Funding to encourage Māori involvement in genomics

9 June 2015

Maui Hudson
Maui Hudson

The University of Waikato has been awarded $100,000 from the Ministry of Business, Innovation and Employment's Vision Mātauranga Capability Fund for a 12-month project entitled Te Waka a Tama-rereti: Networking Māori Expertise in Genomics, Informatics and Technology. MBIE's Vision Mātauranga policy aims to unlock the science and innovation potential of Māori knowledge, resources and people for the benefit of New Zealand.

The project, led by Maui Hudson, aims to bring together Māori experience in genomics, computer science and technology. The project team includes researchers from University of Auckland and University of Otago, Nga Pae o te Maramatanga, and two National Science Challenges - Biological Heritage led by Landcare Research, and Science for Technological Innovation led by Callaghan Innovation.

Their aim is to develop a one-week summer internship programme for Māori students to run over the 2015/16 summer. Maui says the programme is modelled on a similar one operating in the US called SING – Summer Internship for Natives in Genomics. He hopes it will be established on an ongoing basis.

"There's a lot of research money going into genomic science and technology, and we want to create more opportunities for Māori to engage and develop technology-based research programmes."

Genomic science aims to increase understanding of the genetics of organisms to support agricultural or horticultural development and biosecurity or biodiversity outcomes.

"Māori share similar interests in maintaining the integrity of the environment and are beginning to engage and involve themselves in this area of science," says Maui.

"The network is about bringing together Māori researchers and Māori stakeholders with an interest in using genetic/genomic technologies and information science to advance their environmental and economic objectives."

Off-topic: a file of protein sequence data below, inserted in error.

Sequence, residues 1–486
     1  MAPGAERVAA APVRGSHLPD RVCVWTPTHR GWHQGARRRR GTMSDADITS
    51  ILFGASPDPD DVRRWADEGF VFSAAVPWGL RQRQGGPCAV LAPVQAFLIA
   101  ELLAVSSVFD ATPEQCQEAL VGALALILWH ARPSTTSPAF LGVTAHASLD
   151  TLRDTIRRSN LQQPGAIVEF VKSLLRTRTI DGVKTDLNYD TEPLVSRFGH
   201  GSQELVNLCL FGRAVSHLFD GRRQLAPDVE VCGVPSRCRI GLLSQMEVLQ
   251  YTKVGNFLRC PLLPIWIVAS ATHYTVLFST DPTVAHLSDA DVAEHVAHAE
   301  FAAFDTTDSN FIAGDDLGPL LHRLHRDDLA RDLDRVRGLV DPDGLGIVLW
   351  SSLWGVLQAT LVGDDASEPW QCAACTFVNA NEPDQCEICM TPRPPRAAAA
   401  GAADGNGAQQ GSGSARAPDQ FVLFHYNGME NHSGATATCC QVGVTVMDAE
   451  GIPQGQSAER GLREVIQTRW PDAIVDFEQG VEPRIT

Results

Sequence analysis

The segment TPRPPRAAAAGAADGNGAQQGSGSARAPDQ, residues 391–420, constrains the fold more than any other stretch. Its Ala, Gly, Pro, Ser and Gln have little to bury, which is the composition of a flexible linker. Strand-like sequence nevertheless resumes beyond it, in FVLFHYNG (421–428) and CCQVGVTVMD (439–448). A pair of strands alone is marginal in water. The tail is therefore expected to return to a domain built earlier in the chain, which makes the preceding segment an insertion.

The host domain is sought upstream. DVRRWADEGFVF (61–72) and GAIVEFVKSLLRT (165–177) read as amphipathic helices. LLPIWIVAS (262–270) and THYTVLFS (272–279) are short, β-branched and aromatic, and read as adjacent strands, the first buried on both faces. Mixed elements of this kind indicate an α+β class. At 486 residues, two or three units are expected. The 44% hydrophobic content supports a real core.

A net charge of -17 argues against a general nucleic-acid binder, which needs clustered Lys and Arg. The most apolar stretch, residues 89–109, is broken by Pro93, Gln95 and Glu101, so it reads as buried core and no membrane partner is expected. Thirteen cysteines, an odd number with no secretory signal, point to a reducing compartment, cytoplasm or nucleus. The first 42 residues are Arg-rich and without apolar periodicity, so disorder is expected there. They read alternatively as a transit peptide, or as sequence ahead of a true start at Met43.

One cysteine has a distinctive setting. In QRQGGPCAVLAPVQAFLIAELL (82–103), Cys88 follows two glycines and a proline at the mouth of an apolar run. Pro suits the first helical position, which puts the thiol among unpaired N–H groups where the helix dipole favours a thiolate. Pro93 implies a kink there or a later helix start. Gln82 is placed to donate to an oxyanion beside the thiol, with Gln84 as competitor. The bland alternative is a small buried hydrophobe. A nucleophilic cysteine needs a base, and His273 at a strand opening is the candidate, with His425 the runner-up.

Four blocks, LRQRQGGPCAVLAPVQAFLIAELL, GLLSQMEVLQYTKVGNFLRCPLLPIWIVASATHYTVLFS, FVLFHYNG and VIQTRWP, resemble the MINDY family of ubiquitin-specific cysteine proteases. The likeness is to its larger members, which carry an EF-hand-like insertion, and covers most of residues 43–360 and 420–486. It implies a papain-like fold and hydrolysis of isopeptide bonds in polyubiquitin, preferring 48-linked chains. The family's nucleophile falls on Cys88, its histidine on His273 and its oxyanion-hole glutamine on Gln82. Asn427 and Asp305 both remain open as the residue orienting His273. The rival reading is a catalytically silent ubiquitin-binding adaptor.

Increasingly research and development organisations are recognising the cultural and spiritual links between indigenous species and Tangata Whenua. This project will build on the collaborative spirit of the National Science Challenges and the Māori research excellence fostered by Nga Pae o te Maramatanga to create a network of Māori expertise in genomics, informatics and technology to initiate Vision Matauranga inspired research programmes and support knowledge transfer into the Māori sector for commercial and environmental outcomes.

Maui says it is proposed this network be an independent "go to" network of Māori researchers to provide expert advice and technical support for Māori communities regarding modern genomic technologies.

"We are aware of at least 10 researchers of Māori descent with advanced qualifications in this area, with more currently being trained in these technologies at graduate level. The network will also include both kaitiaki and Māori business interests who share a commitment to the appropriate utilisation of matauranga Māori and taonga species for research and development activities."